On Saturday morning, 7th Ward resident Gloria Russ, 81, followed her election-day routine. With her reading glasses hanging from a chain on her neck and a sample ballot in her hand, she strode a block down Frenchmen Street to Engine House No. 27 and cast her ballot in the state’s primary election.
She was confident she’d voted for the right person for governor. “Or he seems like the right person, in my mind,” she said.
On the other side of the 7th Ward, the busy intersection at St. Bernard Avenue and Gentilly and Desaix boulevards was transformed into its usual election-day carnival. Passing drivers honked and gave thumbs-up signs for candidates they supported while volunteers and paid helpers in campaign T-shirts handed out brochures and waved signs.
Yet about a block away, the polling place at St. Leo the Great School was quiet, with only a handful of voters inside.
Karina and Jeremy Bull, 27 and 29, made it in and out of St. Leo in record time, they said.
“There was no line,” Jeremy said, noting that the LSU football game started at 6 p.m. and might cut into evening voting turnout. Others wondered whether the threat of rain might also deter the stream of later voters.
Clerk of Criminal District Court Arthur Morrell said his office’s 11 a.m. estimate found that only 11 percent of the city’s voters had made it to the polls so far. “It’s low,” he said, attributing it to a busy day of activities across the city. By 3:30 p.m., the number had risen to 16 percent, and Morrell said he had seen an uptick in the pace of voting. The polls were to close at 8 p.m.
In general, the day of voting had been steady but uneventful, Morrell said. His assessment was shared by poll monitors like the Lawyers Committee for Civil Rights Under Law, which staffed its usual Election Protection hotline (866-OUR-VOTE), and by Trupania Bonner, who was monitoring for the Open Democracy Project at the Crescent City Media Group.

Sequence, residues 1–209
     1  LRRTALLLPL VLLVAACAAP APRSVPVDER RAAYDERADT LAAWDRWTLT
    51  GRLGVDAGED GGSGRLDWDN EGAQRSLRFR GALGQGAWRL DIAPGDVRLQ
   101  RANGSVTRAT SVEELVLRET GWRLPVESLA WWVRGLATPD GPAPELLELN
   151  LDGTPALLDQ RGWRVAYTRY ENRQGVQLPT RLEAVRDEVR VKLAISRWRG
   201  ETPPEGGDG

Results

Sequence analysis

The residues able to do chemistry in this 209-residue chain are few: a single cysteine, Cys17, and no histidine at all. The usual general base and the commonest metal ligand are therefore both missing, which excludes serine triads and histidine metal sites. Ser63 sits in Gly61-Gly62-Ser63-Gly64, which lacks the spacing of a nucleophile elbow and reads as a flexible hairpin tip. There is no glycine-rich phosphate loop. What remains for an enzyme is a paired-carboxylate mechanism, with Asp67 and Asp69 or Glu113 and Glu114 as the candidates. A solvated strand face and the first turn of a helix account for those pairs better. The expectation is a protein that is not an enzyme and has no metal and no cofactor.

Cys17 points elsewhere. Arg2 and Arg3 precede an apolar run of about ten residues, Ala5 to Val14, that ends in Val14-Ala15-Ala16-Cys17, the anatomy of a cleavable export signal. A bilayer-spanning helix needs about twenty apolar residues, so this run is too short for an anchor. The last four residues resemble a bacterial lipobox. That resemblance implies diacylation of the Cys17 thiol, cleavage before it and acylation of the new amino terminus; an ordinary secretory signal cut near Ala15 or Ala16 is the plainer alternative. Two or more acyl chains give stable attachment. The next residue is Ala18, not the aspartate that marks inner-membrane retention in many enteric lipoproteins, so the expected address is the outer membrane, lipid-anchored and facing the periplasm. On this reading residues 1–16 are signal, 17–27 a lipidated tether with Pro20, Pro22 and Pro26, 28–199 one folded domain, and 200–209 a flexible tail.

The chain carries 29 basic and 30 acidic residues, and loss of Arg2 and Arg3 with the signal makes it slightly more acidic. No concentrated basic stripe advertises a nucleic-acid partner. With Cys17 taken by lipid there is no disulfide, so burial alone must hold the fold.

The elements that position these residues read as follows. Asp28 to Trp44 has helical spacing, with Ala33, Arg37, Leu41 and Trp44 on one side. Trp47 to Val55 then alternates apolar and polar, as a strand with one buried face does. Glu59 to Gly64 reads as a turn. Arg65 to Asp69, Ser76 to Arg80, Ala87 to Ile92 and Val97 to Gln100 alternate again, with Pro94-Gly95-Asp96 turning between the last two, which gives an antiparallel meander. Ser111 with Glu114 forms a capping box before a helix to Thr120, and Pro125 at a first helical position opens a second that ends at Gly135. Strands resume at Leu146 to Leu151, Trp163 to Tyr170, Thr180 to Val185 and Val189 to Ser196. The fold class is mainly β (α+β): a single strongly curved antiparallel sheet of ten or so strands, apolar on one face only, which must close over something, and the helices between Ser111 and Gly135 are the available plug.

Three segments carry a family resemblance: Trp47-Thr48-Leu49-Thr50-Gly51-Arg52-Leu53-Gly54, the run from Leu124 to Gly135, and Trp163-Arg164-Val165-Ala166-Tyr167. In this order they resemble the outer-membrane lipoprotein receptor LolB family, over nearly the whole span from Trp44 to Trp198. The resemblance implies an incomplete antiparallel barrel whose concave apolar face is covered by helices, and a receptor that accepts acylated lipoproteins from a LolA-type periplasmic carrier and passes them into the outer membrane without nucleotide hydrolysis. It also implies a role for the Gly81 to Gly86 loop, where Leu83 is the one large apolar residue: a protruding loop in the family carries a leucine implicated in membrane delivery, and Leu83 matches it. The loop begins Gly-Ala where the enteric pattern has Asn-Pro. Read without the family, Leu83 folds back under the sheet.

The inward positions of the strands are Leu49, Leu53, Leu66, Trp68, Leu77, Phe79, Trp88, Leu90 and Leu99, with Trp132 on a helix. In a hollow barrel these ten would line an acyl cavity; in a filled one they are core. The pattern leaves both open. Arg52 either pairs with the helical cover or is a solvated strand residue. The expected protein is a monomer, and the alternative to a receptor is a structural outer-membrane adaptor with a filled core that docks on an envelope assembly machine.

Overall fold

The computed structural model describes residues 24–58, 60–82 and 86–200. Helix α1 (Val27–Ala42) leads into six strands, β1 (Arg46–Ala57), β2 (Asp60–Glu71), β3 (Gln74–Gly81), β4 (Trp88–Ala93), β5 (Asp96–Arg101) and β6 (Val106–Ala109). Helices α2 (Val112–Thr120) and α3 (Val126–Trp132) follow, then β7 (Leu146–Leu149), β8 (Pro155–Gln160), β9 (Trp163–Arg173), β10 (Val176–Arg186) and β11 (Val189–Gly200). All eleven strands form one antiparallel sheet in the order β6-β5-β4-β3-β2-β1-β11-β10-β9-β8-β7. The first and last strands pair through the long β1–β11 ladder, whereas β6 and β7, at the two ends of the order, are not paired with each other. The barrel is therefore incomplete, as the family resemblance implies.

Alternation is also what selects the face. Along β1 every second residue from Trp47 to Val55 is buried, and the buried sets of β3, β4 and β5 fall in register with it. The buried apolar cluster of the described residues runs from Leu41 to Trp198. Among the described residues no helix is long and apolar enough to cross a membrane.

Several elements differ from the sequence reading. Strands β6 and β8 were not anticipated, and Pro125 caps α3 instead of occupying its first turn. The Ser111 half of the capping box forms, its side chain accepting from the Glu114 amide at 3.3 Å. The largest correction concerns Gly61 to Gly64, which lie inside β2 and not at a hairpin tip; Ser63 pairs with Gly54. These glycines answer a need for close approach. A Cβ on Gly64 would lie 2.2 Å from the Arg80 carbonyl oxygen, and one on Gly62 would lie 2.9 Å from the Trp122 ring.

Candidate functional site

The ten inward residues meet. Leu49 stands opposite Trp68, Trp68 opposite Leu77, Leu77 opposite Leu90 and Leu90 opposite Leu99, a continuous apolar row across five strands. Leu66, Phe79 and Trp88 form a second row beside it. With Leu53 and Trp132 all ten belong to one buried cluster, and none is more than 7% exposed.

A few voters said they understood why people might stay home, noting that nothing on the ballot inspired them. Civil District Court Judge Clare Jupiter agreed with that general assessment as she walked out of the school. “I’m not particularly excited about any candidate,” she said. Yet Jupiter said she planned to check in with her two children, ages 28 and 30, to be sure they made it to their own precincts today.
The firefighters at Engine No. 27 had thrown open the big doors to let in the day’s pleasant breeze, but E. Peters, 61, scanned the sky’s gray clouds as she emerged from the precinct with her grandchild Jaidyn, 9, who had pressed the “vote” button for her.
Peters said, in what was a common theme among the day’s voters, that she was especially eager to vote for governor. Although she is a regular voter, rain or shine, she had arrived particularly Saturday morning to beat a possible downpour, she said.
Bonner had other worries, especially that late voters might run tight on time, given two issues he’d seen crop up, over and over: Some people didn’t know where to vote, he said, and so he and other volunteers helped them locate polling places. Others had not brought proper state-issued IDs to the polls. Typically, that required trips home to retrieve identification so that they wouldn’t be forced to sign provisional ballots instead of casting typical electronic ballots.
Still, the day had been relatively calm, Bonner said, noting that the scramble to find polling places had been far worse in 2012, when more precincts in Orleans Parish had shifted.
Around noon in Broadmoor, Mike Williams, 28, had just finished cutting the lawn at Blessed Trinity Catholic Church and was placing his equipment into his white pickup. He had three more lawns to go before he could make it to his own precinct in Gretna, he said.
But there was no doubt that he was going to vote. “Because I’m supposed to,” he said, citing his mother, who told him that voting was his right, so he needed to exercise it.
But in the 9th Ward, as cook Jonathan Cromwell, 34, took a cigarette break outside the Mardi Gras Zone grocery store, he said he would not be casting a ballot on Saturday. “I found very little clear information about the candidates on the ballot,” he said. So he planned to sit out the primary and wait until the runoff on Nov. 21, when he likely would be able to cast an informed vote, he said.
From watching her neighbors and reading the newspaper, Gloria Russ is well aware that not everybody participates in elections as regularly as she does. She was particularly exasperated to hear Secretary of State Tom Schedler’s prediction that fewer than half of the state’s voters would participate in Saturday’s election.
“Some people figure it doesn’t make a difference,” Russ said, shaking her head. “But it’s something our forefathers were denied and fought to get. So I’m not going to throw it to the curb.”